At the core of most of these cases lies an institution or organization that facilitated the abuse. In many cases, there is an organization or individual who looked the other way while misconduct was occurring, failing to stop it, or silenced survivors, or protected a dangerous predator by failing to report the wrongdoing to the authorities.

One has only to think of the Catholic Church to know this is true. For decades, the Catholic Church has worked to protect dangerous child molesters from the secular authorities. Prominent church leaders have concealed abuse cases and deceived the public for years. These scandals first broke in Boston, but they are still going on.

It goes without saying that behavior of this sort is unacceptable. No institution should be allowed to protect dangerous predators from justice, but that's what the Catholic Church has done time and time again. As a result, the Catholic Church and its history of evidence concealment and misconduct stands behind every individual case of child sex abuse committed by a priest, just as individual priests and other church leaders stand behind every priest who abuses a child.

Change does appear to be on the way. Thanks to a new wave of public pressure, along with major revelations from a grand jury report released in Pennsylvania, the Catholic Church is being forced to account for its past wrongdoing in public. At the same time, hundreds of Catholic Church sexual abuse survivors are standing up to fight for justice across the country.

Criminal prosecutors are playing their own role in this process. In a number of states, new criminal justice system task forces have been established to investigate historical cases of misconduct and conduct prosecutions of offending priests when possible. But a majority of the valuable work in this regard may be taking place through the civil justice system, where survivors and their loved ones are filing a new surge of private civil lawsuits against the Church.

This is the power of the civil justice system. Through private lawsuits, survivors are allowed to take control of their legal futures. In recent months, hundreds of clergy abuse survivors have stood up for justice and accountability by filing suit against the Catholic Church, pursuing justice and financial compensation. In court documents filed across the country, these survivors accuse the Catholic Church, along with individual parishes, deacons and bishops, of committing negligence.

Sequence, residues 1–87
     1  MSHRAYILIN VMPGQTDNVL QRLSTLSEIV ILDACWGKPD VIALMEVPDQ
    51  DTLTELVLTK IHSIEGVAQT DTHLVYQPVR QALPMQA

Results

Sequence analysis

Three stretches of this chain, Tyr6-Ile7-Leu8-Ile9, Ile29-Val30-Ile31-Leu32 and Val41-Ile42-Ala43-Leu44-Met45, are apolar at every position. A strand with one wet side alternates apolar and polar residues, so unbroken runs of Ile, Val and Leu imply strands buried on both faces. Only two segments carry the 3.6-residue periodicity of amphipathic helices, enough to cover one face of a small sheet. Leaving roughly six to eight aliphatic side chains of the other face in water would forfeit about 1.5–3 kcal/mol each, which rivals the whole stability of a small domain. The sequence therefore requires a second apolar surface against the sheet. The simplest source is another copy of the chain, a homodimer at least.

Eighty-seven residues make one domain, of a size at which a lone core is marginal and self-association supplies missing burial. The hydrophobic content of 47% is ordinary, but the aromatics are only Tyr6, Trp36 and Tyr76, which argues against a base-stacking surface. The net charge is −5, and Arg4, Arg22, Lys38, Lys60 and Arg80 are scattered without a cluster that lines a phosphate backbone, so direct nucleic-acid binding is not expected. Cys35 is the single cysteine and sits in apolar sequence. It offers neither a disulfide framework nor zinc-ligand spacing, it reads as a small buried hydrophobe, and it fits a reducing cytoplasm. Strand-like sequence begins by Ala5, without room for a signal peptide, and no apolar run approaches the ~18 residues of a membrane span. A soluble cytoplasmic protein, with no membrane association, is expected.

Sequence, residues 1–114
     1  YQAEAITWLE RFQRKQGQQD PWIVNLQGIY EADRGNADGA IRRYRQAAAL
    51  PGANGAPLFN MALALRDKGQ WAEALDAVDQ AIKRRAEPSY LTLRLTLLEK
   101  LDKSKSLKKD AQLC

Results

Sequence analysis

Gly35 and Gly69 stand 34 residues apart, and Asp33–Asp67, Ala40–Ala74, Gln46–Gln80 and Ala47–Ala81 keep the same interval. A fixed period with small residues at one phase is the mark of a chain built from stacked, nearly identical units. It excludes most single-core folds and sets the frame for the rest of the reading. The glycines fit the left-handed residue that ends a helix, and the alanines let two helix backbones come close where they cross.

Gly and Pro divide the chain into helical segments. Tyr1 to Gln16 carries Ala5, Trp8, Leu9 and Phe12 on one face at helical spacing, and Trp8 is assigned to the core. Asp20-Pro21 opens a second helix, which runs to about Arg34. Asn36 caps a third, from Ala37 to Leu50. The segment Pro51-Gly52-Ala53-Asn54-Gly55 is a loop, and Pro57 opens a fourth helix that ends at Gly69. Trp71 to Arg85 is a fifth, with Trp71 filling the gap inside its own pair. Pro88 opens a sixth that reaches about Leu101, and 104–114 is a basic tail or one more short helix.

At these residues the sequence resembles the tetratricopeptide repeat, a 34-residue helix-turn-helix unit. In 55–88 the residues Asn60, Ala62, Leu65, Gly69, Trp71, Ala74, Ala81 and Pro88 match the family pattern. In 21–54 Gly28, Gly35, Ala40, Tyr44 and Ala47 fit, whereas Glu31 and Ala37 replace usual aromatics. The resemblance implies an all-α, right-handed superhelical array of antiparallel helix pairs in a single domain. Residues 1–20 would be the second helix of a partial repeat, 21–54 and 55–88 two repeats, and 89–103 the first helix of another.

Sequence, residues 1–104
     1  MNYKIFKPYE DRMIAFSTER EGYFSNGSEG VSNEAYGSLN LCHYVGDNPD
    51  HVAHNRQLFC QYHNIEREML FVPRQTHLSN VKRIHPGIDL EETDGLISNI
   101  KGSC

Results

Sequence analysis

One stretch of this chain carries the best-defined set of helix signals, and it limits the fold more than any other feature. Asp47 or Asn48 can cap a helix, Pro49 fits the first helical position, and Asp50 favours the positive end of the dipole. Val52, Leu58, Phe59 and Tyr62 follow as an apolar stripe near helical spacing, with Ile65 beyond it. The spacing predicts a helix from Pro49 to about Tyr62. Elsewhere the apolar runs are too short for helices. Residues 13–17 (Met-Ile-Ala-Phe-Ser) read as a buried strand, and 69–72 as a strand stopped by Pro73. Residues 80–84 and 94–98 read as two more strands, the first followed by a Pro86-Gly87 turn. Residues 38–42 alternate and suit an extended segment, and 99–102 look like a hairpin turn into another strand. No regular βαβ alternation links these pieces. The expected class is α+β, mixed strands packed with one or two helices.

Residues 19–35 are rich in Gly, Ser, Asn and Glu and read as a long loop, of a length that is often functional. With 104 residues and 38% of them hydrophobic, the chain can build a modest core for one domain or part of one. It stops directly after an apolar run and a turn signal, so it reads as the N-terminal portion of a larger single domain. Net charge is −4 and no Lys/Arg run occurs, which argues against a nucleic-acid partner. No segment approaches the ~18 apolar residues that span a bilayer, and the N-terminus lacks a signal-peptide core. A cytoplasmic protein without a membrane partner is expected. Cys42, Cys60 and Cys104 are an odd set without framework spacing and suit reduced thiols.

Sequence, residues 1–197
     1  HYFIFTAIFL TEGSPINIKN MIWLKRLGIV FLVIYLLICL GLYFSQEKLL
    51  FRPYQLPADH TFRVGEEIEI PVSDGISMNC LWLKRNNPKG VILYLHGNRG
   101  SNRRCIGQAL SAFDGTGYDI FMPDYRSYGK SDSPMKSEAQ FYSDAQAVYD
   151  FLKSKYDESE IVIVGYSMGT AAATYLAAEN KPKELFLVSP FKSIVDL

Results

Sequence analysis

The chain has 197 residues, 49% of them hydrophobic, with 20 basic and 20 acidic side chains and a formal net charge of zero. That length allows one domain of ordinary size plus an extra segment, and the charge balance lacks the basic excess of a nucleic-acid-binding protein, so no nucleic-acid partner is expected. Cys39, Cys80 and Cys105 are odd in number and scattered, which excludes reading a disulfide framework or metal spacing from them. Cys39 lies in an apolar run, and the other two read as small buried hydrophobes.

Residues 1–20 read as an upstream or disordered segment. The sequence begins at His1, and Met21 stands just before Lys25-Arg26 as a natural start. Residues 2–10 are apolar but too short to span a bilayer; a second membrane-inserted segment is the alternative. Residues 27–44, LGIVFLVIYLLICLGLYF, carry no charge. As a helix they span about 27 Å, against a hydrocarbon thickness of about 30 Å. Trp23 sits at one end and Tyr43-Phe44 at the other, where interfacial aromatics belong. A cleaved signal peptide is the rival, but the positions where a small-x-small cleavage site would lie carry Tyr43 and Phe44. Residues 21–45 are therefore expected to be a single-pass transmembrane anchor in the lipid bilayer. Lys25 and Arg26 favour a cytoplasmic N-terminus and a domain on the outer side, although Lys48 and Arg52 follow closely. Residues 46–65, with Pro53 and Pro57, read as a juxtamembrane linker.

Defining Negligence

Negligence is the core concept relevant to most personal injury lawsuits, and sexual abuse and sexual assault lawsuits are no exception. Negligence, at its root, is a careless disregard for the safety and wellbeing of others, as expressed through some failure or act that another reasonable person in a similar situation would not have made.

As a legal theory, negligence recognizes that certain individuals and organizations owe other people a duty of care. This is an obligation to exercise a reasonable level of care in reducing or preventing the risk of serious harm. Take a daycare center as just one example. In both ethical and legal terms, daycare centers owe their customers (children and parents) an obligation to provide adequate support and supervision to the children under their care. An obvious element of this obligation is to prevent, insofar as it is possible, the sexual abuse of these children.